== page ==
NS2 stands for Network Simulator Version 2. It is an open-source event-driven simulator designed specifically for research in computer communication networks . It is discrete event simulator in which:
Real time events can be simulated
Events are processed according to the queue
Both wired or wireless networks can be simulated
3.1.2 Features of NS-2
Scenarios based upon protocols like FTP, TCP and UDP can be simulated
OTCL language support
C++ and OTCL can be linked
Supports both wired and wireless routing protocols
Support different versions of MAC protocols i.e. 802.11
Internet routing protocols
Supports different traffic generators like web traffic
Different versions of previous protocols or completely new protocols can be implemented
Supports different link loss models
Support graphical visualization
3.1.3 Basic Architecture
It consist of two languages C++ and OTCl
C++ defines the backend or interior mechanism
OTCL sets up simulation
TclCL interlinks C++ and OTCL
3.1.4 Why both C++ and OTCL?
OTCL is used to create and configure network in NS-2
C++ is used to run simulator
OTCL is used
To setup or configure the simulation
To run simulation using existing modules
C++ is used
To create or modify the packets
For modification of built-in modules
Steps in a Simulation
Designing of simulation
Building of scripts in NS-2
Run simulation program
Investigate trace files
Visualization of output/simulation
Essential Elements for Simulation
Essential Elements for a simulation are:
Code: OTCL simulator elements, C++ network elements and simulation scripts
Network simulator (ns) to run simulation and visualization tool such as XGRAPH
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Fig 3.1: Simulation Elements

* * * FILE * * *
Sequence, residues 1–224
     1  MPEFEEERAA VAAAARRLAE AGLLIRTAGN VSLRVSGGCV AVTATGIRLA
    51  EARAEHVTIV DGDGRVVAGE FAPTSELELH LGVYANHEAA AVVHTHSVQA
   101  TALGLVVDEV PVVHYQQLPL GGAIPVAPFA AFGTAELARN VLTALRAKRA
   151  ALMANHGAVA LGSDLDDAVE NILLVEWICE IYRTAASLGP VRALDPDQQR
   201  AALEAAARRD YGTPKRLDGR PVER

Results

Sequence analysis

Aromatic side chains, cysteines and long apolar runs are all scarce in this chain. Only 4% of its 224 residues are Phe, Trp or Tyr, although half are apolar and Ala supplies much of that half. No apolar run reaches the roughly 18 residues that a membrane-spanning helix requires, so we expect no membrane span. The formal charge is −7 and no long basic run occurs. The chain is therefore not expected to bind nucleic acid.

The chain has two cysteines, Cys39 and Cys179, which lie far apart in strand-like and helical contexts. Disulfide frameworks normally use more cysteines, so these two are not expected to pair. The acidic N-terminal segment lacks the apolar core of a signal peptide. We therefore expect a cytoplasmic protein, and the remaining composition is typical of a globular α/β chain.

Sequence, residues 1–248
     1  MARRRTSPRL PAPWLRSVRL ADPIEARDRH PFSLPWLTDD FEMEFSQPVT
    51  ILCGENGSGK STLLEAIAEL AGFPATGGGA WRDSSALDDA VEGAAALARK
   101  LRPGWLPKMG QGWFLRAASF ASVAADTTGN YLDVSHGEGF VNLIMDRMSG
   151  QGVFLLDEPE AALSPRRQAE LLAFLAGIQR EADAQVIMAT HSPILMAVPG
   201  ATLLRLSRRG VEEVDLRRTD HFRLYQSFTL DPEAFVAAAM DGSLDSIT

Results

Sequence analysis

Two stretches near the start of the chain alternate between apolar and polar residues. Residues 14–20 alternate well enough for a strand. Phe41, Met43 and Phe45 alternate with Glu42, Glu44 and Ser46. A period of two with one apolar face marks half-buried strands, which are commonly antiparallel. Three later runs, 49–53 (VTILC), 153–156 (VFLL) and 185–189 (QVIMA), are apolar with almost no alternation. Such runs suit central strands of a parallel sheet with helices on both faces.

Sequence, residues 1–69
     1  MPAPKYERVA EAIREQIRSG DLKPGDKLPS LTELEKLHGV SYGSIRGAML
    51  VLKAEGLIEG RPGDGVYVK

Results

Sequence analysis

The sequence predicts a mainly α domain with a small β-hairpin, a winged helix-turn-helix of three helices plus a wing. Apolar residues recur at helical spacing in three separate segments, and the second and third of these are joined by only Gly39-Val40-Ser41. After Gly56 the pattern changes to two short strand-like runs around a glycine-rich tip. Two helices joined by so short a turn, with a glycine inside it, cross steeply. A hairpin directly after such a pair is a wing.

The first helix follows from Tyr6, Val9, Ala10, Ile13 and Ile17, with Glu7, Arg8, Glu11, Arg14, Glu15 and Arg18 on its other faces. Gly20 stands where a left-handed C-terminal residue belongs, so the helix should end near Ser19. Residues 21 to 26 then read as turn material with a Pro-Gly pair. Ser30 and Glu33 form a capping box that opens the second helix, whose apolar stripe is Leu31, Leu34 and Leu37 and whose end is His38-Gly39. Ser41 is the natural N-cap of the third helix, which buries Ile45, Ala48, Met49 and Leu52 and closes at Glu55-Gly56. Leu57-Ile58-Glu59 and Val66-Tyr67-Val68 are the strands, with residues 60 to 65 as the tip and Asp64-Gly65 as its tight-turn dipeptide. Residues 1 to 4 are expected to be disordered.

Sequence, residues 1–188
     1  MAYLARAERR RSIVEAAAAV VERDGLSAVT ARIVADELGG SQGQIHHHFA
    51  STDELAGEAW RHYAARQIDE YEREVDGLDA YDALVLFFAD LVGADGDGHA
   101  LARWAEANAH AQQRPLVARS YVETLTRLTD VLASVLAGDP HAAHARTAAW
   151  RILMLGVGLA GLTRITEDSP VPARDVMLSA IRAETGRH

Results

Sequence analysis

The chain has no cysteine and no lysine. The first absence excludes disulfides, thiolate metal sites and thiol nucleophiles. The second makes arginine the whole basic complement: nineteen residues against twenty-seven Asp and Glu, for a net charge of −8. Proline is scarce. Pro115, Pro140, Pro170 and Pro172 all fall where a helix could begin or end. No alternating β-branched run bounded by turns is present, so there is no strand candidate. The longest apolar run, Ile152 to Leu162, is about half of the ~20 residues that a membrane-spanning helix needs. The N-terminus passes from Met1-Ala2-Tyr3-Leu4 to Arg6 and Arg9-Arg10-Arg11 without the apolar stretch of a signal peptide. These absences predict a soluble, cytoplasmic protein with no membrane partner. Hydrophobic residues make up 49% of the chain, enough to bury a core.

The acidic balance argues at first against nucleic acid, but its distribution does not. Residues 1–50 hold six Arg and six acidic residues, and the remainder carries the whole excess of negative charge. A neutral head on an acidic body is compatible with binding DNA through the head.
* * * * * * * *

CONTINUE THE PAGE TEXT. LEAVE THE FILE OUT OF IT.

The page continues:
VanetMobiSim is java based and is an extension for the CANU Mobility Simulation Environment (CanuMobiSim), a flexible framework for user mobility modelling. It supports different simulation tools like ns2 and GloMoSim etc and generates trace files of nodes movements in different formats. CanuMobiSim originally includes parsers for maps in the Geographical Data Files (GDF) standard and provides implementations of several random mobility models as well as models from physics and vehicular dynamics.
The VanetMobiSim extension is specially designed for vehicular mobility, and has new realistic automotive motion models at both macroscopic and microscopic levels. It can randomly generate mobility models using Voronoi tesselation. Also, it adds support for multi-lane roads, separate directional flows, differentiated speed constraints and traffic signs at intersections. At microscopic level, VanetMobiSim implements new mobility models, providing realistic car-to-car and car-to-infrastructure interaction. According to these models, vehicles regulate their speed depending on nearby cars, overtake each other and act according to traffic signs in presence of intersections.
3.3.1 Basic wireless model in NS2